The ritualistic rage at Alex Rodriguez feels less like justice than a public stoning, and it’s Exhibit A that the moral crusade against performance enhancement is as unhealthy as the thing it purports to correct. Whatever Rodriguez’s transgressions, is he really so much more culpable than any number of the people he played with or for, including baseball Commissioner Bud Selig, who makes his living off the sweat of other men’s bodies and whose apparent idea of justice is to use the threat of a lifetime ban as a publicity tactic?
A-Rod is either deserving of a lifetime ban or he’s not. He may very well have done everything he is accused of, but what we have here isn’t a genuine assessment of his offenses but rather a squeeze play by Selig, an attempt to pressure A-Rod into forgoing his due process. Whatever the evidence against Rodriguez in the Biogenesis affair — and it may be significant — the commissioner is unmistakably less interested in a fitting penalty than he is in shutting up A-Rod — and at the same time bolstering his own weak reputation on PEDs.
Insight on the Nationals and all the latest news from Post reporters Adam Kilgore and James Wagner.
Yankees slugger Alex Rodriguez, now playing for the Double-A Trenton Thunder, vowed to keep fighting to play in the majors. Rodriguez is facing a lifetime ban in a performance-enhancing drug scandal.
Selig and A-Rod’s attorneys are discussing a “settlement” according to reports. A settlement? The word is an apt description of how this commissioner operates: What’s most important to him is not the health of players but the health of revenues. Last year Selig bragged on the “Mike & Mike” radio show, “I said to the owners, ‘Look, guys, in the end you can judge me by asset values. Because in the end, that is really the sum total of everything we do.’ ”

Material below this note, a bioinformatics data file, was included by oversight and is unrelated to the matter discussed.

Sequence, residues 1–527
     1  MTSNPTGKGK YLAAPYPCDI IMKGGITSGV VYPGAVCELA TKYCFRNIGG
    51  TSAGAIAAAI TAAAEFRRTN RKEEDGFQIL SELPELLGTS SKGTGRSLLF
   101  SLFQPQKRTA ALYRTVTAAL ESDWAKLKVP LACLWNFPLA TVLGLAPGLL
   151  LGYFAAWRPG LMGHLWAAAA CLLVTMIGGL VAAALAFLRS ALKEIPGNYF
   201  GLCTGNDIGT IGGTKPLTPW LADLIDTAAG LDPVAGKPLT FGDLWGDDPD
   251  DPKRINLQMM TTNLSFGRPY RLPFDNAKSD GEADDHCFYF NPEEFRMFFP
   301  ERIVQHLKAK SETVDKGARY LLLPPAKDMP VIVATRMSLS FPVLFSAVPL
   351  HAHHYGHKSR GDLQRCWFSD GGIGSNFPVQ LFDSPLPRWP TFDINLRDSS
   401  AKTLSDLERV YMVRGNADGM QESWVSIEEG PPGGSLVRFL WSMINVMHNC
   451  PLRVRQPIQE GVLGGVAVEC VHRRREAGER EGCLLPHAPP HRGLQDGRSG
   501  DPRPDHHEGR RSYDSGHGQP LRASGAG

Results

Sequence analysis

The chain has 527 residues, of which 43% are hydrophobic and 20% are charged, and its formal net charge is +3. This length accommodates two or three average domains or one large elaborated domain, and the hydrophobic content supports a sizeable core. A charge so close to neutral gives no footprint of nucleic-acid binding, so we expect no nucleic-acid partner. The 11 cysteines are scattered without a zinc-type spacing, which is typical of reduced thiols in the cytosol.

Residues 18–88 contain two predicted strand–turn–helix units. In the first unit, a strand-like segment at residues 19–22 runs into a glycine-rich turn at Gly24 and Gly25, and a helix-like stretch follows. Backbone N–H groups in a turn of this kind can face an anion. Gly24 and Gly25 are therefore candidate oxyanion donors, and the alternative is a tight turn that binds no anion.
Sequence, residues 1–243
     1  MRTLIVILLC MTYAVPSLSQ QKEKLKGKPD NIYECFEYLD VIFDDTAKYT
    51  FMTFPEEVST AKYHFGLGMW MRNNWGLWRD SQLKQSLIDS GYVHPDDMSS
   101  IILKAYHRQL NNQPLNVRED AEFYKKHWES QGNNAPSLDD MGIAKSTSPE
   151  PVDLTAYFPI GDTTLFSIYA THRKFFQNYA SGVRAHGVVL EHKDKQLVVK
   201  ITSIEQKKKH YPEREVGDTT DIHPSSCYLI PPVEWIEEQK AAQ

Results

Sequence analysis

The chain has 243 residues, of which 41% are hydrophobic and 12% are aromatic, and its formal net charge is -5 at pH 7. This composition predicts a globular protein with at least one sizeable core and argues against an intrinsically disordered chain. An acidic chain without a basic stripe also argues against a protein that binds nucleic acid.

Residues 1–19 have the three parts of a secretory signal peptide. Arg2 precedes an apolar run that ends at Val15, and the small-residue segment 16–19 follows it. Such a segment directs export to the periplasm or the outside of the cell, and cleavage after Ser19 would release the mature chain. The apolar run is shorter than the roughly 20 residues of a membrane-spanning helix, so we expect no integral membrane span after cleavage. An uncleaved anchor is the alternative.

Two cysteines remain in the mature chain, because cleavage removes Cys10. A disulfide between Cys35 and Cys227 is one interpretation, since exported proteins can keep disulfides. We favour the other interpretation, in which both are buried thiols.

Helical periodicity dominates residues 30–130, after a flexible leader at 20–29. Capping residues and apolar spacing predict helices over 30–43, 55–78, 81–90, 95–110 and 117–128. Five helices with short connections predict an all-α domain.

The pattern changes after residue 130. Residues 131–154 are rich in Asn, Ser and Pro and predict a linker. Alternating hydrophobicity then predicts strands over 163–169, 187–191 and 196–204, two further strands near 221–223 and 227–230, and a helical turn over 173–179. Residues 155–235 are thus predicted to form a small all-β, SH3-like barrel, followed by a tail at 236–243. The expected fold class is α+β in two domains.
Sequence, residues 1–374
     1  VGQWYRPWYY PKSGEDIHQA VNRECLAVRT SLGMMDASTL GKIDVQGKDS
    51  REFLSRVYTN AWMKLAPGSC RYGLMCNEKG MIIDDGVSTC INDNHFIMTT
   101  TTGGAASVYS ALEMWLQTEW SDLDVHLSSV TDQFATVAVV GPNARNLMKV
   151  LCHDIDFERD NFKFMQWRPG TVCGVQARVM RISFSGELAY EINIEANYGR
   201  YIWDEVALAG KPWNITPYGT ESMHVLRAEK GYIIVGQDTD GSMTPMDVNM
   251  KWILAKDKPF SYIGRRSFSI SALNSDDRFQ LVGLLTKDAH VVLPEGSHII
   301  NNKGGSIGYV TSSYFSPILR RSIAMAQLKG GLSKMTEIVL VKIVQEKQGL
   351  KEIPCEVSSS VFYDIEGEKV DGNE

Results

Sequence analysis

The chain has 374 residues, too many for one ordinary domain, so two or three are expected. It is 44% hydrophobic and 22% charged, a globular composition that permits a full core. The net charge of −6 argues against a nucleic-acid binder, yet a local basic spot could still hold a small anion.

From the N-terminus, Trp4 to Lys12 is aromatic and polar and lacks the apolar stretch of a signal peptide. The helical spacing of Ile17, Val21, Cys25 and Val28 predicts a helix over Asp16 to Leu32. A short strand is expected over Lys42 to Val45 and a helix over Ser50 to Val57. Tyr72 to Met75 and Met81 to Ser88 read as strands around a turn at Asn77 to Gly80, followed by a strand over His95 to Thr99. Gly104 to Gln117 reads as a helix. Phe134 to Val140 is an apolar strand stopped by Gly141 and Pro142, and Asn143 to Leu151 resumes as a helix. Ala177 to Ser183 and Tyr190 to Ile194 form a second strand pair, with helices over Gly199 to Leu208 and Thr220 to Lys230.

A-Rod is the perfect defendant for a show trial. He is despised alike by spittle-flecked hecklers behind the plate who scream at him for not hitting in the clutch and by solemn self-appointed keepers of the emerald chessboard’s sanctity for admitting four years ago to PED use during a three-year stretch with Texas from 2001 to 2003. He’s an incurably self-conscious phony who incredibly still insists he’s “a role model,” an awkwardly hapless stumbler who is always getting caught, whether frequenting a shady clinic or letting Cameron Diaz feed him popcorn on camera like Cleopatra taking grapes from a love slave. He is a tone-deaf egotist who never understood the deep resentment he engendered by being baseball’s highest paid player and then not producing astronomic numbers. The reaction to him by fans and critics has always been excessive to the point of disturbing. My friend Joe Posnanski wrote maybe the truest thing ever about A-Rod and his audience: He gives them “guilt-free hate.”
But none of that is reason to ban him for life. It’s one thing to scorn and ridicule him and another to align him with the Chicago Black Sox. We can’t know what the evidence against A-Rod is because the commissioner hasn’t produced it. The armchair judge searches in vain through A-Rod’s career for the whopping numbers that suggest he committed some grave act of distortion at the plate, the smoking gun statistics that he got some kind of unnatural power boost from steroids.